The legal requirements for terminating an employee for incompetence have always been well-known in Québec. It was established long ago that before terminating the employment of an employee on grounds of incompetence, the employer was obliged to:
- Inform the employee of the company’s policy and the employer’s expectations;
- Point out the employee’s shortcomings;
- Offer the employee the necessary support to enable him/her to correct his/her performance and reach the objectives concerned;
- Give the employee a reasonable time to make adjustments; and
- Warn the employee of the risk of dismissal should there be no improvement.
These five criteria were set forth by the Court of Appeal in the Costco1 decision, and have been unanimously followed since 2005.
Additional Criterion Added by the Superior Court in the Kativik Case
That being said, as we wrote in a previous article, the Superior Court has sown doubt, since October 2017, about the criteria applicable in dismissal for incompetence cases. In Commission scolaire Kativik c. Ménard2 (Kativik), the Superior Court added an additional criterion to the five mentioned above. The Superior Court held that before the employment of any employee could validly be terminated for administrative reasons, the employer was also obliged to attempt to reassign the incompetent employee to some other job for which he or she would be better qualified.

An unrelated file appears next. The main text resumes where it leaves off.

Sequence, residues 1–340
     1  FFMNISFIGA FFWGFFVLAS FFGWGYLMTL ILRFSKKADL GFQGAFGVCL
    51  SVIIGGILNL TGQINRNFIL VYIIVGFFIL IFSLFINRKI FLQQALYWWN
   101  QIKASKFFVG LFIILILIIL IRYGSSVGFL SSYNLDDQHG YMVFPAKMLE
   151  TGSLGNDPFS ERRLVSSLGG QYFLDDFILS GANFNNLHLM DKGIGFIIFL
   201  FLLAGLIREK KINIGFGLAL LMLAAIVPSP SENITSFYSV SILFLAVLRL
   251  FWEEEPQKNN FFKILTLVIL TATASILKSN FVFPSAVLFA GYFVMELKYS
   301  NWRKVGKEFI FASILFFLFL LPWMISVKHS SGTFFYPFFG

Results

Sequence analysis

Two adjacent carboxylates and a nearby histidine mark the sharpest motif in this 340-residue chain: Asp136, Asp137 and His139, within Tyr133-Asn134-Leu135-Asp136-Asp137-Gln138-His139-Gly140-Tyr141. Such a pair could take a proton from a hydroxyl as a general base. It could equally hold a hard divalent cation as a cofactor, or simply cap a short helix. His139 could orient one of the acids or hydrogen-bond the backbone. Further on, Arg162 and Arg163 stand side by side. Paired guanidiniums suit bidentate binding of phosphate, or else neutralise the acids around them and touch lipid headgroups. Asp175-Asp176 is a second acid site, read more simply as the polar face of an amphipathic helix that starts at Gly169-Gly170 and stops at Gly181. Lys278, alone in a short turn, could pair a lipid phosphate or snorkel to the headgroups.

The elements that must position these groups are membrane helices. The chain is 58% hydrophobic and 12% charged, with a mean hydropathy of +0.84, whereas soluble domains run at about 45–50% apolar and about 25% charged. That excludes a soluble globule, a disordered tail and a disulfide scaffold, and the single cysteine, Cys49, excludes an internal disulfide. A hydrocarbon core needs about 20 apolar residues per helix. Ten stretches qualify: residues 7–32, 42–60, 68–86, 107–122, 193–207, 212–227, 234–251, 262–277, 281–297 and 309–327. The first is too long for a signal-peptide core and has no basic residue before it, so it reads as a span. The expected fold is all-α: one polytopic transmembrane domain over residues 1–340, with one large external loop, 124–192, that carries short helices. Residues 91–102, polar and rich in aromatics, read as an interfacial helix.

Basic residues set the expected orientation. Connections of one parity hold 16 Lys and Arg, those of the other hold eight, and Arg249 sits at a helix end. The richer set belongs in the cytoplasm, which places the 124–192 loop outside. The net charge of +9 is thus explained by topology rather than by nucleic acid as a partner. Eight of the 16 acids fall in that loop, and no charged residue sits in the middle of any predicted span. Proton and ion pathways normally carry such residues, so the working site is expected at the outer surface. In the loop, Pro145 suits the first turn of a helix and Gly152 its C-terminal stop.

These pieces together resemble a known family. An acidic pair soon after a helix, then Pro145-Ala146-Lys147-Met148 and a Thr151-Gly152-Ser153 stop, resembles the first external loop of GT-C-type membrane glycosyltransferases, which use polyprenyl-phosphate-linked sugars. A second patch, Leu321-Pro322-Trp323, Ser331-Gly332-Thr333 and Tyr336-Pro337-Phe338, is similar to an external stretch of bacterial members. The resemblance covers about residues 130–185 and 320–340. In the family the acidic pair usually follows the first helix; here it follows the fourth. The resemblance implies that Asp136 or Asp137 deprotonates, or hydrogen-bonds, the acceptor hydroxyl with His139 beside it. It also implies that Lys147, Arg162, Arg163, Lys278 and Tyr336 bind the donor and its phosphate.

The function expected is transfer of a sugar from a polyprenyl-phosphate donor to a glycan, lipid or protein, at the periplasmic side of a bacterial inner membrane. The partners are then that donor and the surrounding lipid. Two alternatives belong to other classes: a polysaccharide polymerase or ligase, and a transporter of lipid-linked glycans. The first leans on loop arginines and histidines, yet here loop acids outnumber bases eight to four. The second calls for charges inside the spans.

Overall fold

According to the Superior Court, this obligation of reassignment would constitute an "obligation of means", which means that an employer should take reasonable means to try to reassign an incompetent employee, without having any obligation to the results. In the Kativik case, the Superior Court added that this requirement of reassignment would not apply in all cases, and it ruled that certain characteristics of the position and the business in question should be taken into account by employers. However, the Court did not explain to what extent those factors might have an impact.
As mentioned in our previous article, the motion for leave to appeal the Kativik decision was allowed by the Québec Court of Appeal on February 15, 2018, particularly on the ground that the decision seemed contrary to the established line of Québec jurisprudence in dismissal for incompetence cases, but no decision has yet been rendered on the appeal.
The Moutis Case
It is noteworthy that despite the Superior Court’s decision in Kativik, a number of subsequent decisions rendered by the Administrative Labour Tribunal (the ALT) and by some grievance arbitrators have not followed the new test announced in Kativik and have articulated their firm disagreement with it3.